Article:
You can’t retire from being a parent. But there are ways to plan for the challenges ahead.
Your 25-year-old MBA just moved home, your mother is celebrating her 85th birthday and your brilliant 30-year-old daughter just pitched you her can’t-miss start-up.
Congratulations, you’re officially CEO of Family, Inc.
Let’s not kid ourselves. These days, retirement isn’t just about us. Today, one-in-seven middle-aged adults support their grown children as well as their aging parents.2 Known as “The Sandwich Generation,” many of us find ourselves juggling our retirement planning while also supporting and caring for loved ones.
- 59% of parents would rather dip into retirement than have kids pay student loans
- 73% of parents provide support for a grown child
- 82% of initial startup funding comes from family, friends or savings1
We’re also living longer. Today’s 65-year-olds have a 50% chance of making it to their mid-80s, and it’s not uncommon anymore to reach 90 and beyond.3 That’s a lot to consider when planning for a retirement that could last more than two decades. Not to mention all of the other big questions like, when should you retire? And what if you have an unexpected health issue?
At Morgan Stanley, we understand that family wealth planning is challenging. That’s why our Financial Advisors believe the roadmap to a more comfortable future begins with two key family wealth considerations:
Have an Honest Conversation
For many families, there are few topics more taboo than money. Nearly 83% of affluent parents don’t discuss their finances with their kids, for fear of raising irresponsible adults.4 And 59% of adults are uncomfortable talking to their own retired parents about the cost of long-term care.5
One of the best solutions is an honest conversation with your family and a trusted Financial Advisor. Morgan Stanley Financial Advisors make family wealth discussions a top priority in the relationships they build with clients. They employ a goals-based process to discover family dynamics, aspirations, and values—getting to know the family’s needs beyond just investment strategy and risk tolerance.
The result is a tailored plan designed for today, while being flexible enough to grow with your family as things change.
Make Financial Fitness a Family Hobby
Once the cards are on the table, it’s time to educate. After all, a financially literate family is essential to building wealth that lasts. A great first step is educating your kids early about scholarships and the cost of college so they have some skin in the game and are prepared to handle some money matters on their own.
Next, make an effort to prepare adult children for their own financial future. Whether it’s helping them on the journey to their first home or simply making them aware of the dramatic benefits of saving early for retirement, teaching the basics goes a long way toward reaching dreams.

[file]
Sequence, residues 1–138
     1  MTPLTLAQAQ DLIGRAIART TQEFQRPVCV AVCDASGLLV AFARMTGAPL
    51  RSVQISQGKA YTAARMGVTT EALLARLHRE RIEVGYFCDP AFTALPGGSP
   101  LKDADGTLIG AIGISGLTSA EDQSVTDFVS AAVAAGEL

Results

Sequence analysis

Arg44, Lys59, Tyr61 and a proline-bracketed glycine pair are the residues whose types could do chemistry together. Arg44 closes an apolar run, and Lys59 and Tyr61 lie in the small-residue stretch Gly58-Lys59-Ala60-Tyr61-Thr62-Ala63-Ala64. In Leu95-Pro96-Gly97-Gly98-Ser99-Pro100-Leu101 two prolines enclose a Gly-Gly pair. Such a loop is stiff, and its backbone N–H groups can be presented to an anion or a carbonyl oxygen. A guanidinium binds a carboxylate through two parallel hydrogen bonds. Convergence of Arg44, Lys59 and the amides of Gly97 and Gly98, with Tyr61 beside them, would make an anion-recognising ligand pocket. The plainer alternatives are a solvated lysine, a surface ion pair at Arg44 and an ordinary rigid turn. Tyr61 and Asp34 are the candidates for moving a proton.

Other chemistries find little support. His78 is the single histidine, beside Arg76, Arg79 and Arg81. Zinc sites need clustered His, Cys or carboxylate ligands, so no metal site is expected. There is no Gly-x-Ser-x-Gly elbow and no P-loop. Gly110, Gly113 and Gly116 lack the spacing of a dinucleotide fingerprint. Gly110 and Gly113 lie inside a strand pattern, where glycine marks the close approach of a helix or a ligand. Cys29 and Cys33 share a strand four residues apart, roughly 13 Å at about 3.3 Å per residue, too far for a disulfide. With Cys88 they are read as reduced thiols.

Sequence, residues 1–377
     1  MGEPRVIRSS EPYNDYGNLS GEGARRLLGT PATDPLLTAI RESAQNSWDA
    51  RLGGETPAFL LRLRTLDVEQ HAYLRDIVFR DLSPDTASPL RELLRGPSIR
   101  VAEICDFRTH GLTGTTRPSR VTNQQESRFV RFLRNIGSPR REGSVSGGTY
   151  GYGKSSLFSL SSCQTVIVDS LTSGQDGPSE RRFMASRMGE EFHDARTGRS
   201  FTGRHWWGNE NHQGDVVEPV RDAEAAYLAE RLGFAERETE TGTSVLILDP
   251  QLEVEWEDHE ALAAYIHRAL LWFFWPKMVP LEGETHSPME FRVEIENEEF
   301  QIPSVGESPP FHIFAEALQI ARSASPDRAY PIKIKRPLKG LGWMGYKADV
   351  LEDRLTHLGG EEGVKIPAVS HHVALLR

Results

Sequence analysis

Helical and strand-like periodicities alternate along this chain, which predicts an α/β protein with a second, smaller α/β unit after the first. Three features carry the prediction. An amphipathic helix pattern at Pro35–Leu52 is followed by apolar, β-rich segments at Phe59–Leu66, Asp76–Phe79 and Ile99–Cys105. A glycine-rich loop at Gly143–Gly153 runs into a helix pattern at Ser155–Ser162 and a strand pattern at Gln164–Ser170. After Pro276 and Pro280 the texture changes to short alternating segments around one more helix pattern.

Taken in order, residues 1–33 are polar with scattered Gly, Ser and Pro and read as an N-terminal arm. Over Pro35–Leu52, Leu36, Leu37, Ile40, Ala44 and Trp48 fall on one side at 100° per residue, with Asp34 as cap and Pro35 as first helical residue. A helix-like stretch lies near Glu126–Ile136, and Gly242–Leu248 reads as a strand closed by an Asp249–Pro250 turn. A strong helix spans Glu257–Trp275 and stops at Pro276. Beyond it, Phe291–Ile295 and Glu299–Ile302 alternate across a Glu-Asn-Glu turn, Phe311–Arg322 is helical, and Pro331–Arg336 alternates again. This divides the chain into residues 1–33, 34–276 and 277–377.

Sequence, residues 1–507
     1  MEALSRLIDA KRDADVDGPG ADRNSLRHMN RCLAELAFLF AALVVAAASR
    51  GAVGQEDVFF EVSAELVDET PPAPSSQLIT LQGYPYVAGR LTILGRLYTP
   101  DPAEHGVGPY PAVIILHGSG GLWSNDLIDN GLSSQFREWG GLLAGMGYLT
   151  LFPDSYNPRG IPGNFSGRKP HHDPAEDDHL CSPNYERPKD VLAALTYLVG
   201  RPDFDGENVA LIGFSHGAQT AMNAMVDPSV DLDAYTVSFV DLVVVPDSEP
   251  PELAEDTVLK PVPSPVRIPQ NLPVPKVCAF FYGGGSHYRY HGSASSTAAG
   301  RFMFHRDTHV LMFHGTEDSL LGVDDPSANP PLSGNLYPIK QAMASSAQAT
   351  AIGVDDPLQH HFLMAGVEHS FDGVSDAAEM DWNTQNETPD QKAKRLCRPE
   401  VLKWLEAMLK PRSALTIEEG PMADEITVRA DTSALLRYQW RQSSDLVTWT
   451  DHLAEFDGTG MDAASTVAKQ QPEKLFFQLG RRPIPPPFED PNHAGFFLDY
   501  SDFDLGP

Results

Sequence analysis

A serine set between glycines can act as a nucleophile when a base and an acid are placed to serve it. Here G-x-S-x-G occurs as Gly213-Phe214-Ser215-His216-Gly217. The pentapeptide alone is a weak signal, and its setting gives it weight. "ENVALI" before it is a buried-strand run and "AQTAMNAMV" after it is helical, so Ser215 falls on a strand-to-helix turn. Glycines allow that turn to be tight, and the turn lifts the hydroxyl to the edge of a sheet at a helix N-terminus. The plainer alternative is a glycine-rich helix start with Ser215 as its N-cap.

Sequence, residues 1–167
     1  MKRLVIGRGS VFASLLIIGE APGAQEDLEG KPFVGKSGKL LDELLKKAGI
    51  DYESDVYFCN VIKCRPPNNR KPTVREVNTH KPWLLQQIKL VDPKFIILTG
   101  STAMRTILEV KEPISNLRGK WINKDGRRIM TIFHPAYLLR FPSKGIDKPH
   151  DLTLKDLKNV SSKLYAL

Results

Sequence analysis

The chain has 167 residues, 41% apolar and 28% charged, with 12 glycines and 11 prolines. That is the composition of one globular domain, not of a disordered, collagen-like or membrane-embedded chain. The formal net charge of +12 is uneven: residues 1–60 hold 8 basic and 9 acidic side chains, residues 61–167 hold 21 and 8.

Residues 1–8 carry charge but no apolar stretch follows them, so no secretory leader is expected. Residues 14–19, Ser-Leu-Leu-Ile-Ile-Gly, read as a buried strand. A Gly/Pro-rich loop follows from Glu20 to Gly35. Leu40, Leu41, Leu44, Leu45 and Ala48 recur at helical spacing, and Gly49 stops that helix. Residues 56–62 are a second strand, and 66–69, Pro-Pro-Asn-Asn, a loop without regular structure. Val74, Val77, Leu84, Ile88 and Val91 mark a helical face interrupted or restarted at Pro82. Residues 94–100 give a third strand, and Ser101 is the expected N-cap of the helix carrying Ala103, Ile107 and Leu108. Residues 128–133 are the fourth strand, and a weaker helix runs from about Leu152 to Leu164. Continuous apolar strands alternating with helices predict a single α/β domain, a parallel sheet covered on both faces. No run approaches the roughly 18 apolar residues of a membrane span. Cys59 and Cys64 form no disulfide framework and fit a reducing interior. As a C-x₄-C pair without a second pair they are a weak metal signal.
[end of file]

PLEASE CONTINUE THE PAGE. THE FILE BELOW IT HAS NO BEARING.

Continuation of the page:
Another valuable resource is the Morgan Stanley Financially Fit program, an interactive digital program that explains key concepts—from credit scores to home ownership, charitable giving, ways to pay for college and more. Starting with grade school and progressing through high school, college and adulthood, our Financial Advisors use this program to encourage meaningful conversations between clients and their children.
1 Sources: http://finance.yahoo.com/news/parents--saving-for-retirement-is-more-important-than-kids--college-fund-202913104.html, http://time.com/money/page/parents-adult-children-financial-support/, http://foundersguide.com/us-startup-statistics/
2 Source: http://www.usagovpolicy.com/nyanalysis/tag/caring-for-elderly-parents/, March 2015
3 Source: U.S. Social Security Administration, Life Expectancy Calculator, https://www.socialsecurity.gov/planners/lifeexpectancy.html
Morgan Stanley Financially Fit is powered by EverFi, an education technology company that develops web-based learning tools focused on teaching, assessing, and certifying learners in the financial skills that life demands. The program offers four engaging, age-appropriate online learning experiences, starting in grade school and progressing through high school, college and adulthood. Learners can explore a range of topics . The information contained therein is from sources deemed to be reliable but is not guaranteed and do not necessarily reflect the views, opinions or advice of Morgan Stanley Smith Barney LLC, Morgan Stanley Bank, N.A., Morgan Stanley Private Bank, National Association, (collectively referred to as “Morgan Stanley”) or its affiliates. Morgan Stanley makes no representations or guarantees as to the accuracy or completeness of information or data and is not responsible for the information, data contained in the program. Neither the information provided nor any opinion expressed constitutes either a recommendation by Morgan Stanley and its employees or a solicitation for the purchase or sale of any security.